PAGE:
Open AccessArticle A (Bio-)Chemical Field-Effect Sensor with Macroporous Si as Substrate Material and a SiO2 / LPCVD-Si3N4 Double Layer as pH Transducer
Sensors 2002, 2(1), 11-22; doi:10.3390/s20100011
Received: 29 November 2001 / Accepted: 19 December 2001 / Published: 15 January 2002
Cited by 25 | PDF Full-text (1101 KB) | HTML Full-text | XML Full-text
Abstract
Macroporous silicon has been etched from n-type Si, using a vertical etching cell where no rear side contact on the silicon wafer is necessary. The resulting macropores have been characterised by means of Scanning Electron Microscopy (SEM). After etching, SiO2 was thermally
[...] Read more.
Macroporous silicon has been etched from n-type Si, using a vertical etching cell where no rear side contact on the silicon wafer is necessary. The resulting macropores have been characterised by means of Scanning Electron Microscopy (SEM). After etching, SiO2 was thermally grown on the top of the porous silicon as an insulating layer and Si3N4 was deposited by means of Low Pressure Chemical Vapour Deposition (LPCVD) as transducer material to fabricate a capacitive pH sensor. In order to prepare porous biosensors, the enzyme penicillinase has been additionally immobilised inside the porous structure. Electrochemical measurements of the pH sensor and the biosensor with an Electrolyte/Insulator/Semiconductor (EIS) structure have been performed in the Capacitance/Voltage (C/V) and Constant capacitance (ConCap) mode. Full article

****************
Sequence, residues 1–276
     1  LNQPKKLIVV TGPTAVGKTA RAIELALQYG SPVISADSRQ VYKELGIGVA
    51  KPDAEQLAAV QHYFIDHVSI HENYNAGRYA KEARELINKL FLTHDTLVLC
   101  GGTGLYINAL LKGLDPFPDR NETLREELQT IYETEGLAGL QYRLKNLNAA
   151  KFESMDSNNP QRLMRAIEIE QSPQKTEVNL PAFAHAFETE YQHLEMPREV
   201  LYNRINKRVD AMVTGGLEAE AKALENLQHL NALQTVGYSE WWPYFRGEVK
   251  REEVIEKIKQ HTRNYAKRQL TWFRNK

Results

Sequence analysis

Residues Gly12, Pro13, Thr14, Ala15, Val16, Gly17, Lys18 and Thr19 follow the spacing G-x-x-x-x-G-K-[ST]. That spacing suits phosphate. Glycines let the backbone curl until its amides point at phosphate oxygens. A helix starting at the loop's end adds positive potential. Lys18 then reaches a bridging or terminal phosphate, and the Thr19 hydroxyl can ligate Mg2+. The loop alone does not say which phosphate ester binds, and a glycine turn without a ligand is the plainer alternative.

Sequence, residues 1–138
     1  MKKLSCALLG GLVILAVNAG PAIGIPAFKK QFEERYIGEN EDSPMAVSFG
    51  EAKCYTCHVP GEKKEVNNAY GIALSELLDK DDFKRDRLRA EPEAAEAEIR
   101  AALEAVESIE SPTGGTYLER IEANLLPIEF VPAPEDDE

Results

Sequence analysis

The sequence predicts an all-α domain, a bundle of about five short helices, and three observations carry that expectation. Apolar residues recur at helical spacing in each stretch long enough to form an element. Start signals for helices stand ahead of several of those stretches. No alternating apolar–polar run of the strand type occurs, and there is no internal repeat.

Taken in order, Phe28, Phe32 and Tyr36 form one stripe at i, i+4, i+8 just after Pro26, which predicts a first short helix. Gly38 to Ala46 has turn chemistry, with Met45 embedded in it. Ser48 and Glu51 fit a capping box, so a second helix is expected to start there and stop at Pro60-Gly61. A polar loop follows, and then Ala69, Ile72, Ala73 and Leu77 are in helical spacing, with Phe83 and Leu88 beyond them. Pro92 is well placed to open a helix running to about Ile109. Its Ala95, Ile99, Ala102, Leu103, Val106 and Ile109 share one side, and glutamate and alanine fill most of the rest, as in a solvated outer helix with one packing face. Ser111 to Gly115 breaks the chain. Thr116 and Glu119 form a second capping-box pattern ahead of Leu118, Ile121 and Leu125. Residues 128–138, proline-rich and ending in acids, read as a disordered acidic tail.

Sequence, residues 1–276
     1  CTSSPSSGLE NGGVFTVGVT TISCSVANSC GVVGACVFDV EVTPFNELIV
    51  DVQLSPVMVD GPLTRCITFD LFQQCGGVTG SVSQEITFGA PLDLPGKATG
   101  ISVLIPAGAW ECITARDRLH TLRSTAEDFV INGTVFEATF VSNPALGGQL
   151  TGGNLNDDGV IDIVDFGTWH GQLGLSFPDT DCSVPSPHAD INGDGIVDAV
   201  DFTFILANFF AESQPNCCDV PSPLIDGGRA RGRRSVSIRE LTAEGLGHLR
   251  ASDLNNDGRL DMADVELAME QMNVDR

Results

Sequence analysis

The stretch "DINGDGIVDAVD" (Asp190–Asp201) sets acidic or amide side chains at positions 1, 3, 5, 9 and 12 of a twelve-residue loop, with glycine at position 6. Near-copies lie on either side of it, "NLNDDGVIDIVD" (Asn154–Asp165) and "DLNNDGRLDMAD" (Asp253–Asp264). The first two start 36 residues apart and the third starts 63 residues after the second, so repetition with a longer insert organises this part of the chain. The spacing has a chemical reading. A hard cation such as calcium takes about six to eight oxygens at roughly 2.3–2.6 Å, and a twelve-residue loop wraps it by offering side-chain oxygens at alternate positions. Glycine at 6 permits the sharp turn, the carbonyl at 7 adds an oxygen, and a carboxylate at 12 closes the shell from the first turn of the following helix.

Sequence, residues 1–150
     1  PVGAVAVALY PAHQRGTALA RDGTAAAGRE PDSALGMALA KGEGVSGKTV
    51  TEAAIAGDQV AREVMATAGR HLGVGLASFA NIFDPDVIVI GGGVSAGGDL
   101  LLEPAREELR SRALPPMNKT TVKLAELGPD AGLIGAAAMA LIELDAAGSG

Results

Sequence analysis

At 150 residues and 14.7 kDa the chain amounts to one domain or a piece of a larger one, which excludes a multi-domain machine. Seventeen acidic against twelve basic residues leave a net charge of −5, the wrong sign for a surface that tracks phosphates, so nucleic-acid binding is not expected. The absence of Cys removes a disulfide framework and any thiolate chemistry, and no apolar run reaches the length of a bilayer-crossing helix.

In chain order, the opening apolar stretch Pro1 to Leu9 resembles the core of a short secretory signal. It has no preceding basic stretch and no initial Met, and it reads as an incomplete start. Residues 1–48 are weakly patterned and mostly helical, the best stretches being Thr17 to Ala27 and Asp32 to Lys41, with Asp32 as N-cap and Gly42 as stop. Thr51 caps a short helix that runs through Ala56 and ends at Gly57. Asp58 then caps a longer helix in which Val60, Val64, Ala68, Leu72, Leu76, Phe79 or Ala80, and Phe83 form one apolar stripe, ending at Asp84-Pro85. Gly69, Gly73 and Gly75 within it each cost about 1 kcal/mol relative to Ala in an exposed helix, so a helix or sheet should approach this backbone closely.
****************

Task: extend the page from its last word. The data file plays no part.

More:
Open AccessArticle In-Situ Chemiresistor Sensor Package for Real-Time Detection of Volatile Organic Compounds in Soil and Groundwater
Sensors 2002, 2(1), 23-34; doi:10.3390/s20100023
Received: 14 December 2001 / Accepted: 10 January 2002 / Published: 30 January 2002
Cited by 39 | PDF Full-text (1010 KB) | HTML Full-text | XML Full-text
Abstract
This paper presents the development of a real-time microsensor-based monitoring system that can be used to detect and characterize volatile organic compounds in soil and groundwater. The system employs an array of polymer-based microsensors (chemiresistors) packaged in a waterproof housing that is designed
[...] Read more.